“I am a first cousin, thrice removed from John Joseph Mathews,” says Webster. “My interest in conservation and nature stems from my childhood. We were always taught to leave things better than they were when you got there.”
The Nature Conservancy reintroduced bison to the preserve in 1993. As a native grazer, bison are an integral piece to conserving the tallgrass prairie ecosystem. With the additional acreage and cabin restoration, bison are once again grazing Mathews’ land.
“I think Mathews would be very pleased to know bison are once again roaming the lands around his cabin,” says Payne. “I think he would be doing backflips if he were here to see it.”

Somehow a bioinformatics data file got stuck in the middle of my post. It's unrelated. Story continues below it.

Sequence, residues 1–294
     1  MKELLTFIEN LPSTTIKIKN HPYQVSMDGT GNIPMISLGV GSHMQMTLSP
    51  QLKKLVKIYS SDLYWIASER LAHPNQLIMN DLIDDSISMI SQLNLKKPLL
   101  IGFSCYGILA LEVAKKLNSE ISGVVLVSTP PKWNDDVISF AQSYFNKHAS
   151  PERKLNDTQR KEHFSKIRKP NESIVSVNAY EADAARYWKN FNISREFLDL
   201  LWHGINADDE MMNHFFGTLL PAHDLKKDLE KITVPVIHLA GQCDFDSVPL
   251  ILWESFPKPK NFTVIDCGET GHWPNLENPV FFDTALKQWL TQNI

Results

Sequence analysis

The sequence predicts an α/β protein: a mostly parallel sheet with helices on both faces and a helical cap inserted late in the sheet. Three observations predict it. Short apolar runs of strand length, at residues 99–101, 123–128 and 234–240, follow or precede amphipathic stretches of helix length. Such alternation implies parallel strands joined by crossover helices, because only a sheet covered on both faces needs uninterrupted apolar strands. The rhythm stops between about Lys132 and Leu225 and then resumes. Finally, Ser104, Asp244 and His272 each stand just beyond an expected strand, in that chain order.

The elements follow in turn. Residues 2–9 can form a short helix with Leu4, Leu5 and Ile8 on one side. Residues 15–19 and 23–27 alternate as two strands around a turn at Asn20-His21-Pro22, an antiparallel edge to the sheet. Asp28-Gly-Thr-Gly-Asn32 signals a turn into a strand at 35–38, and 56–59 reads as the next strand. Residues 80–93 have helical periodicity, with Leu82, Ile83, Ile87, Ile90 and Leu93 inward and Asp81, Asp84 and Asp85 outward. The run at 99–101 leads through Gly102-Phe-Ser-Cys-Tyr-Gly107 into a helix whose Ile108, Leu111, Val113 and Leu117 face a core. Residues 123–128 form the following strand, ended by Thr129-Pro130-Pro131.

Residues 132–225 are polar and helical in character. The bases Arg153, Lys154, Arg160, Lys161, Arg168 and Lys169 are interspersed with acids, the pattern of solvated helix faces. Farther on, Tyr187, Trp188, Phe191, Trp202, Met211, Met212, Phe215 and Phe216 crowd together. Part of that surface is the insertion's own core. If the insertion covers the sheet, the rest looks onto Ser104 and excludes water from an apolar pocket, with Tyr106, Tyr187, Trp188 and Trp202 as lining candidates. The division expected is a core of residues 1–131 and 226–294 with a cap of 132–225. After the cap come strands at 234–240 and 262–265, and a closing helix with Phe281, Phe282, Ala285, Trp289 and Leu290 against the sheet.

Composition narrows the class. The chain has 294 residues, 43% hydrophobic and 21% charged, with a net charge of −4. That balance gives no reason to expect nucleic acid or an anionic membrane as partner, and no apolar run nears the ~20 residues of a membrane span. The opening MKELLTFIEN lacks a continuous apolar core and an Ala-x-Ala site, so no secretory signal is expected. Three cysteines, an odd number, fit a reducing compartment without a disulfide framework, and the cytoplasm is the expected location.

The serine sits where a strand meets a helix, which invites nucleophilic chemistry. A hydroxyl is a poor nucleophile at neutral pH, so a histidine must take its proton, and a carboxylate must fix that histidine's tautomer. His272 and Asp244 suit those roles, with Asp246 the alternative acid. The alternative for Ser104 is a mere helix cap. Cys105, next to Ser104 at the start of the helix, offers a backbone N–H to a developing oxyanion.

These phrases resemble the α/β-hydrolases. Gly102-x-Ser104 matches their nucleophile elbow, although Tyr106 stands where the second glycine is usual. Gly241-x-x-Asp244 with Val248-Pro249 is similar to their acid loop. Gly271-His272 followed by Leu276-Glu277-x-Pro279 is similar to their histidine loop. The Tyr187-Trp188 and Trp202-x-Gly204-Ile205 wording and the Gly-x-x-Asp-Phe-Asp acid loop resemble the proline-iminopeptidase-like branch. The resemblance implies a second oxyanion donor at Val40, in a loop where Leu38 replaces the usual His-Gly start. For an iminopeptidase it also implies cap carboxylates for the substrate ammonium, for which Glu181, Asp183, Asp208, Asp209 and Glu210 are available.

In 1979, Mathews was buried near his cabin among the trees in the rolling Osage Hills where, as he wrote in Talking to the Moon, “I was proud of harmony with the life about me. I became a part of it as I had wished.”
“I think he would be honored to know that his cabin and his property are now part of The Nature Conservancy’s Tallgrass Prairie Preserve,” says Webster.
Years later, in 1996, the Oklahoma Historical Society recognized an extraordinary life and inducted Mathews into the Oklahoma Historians Hall of Fame.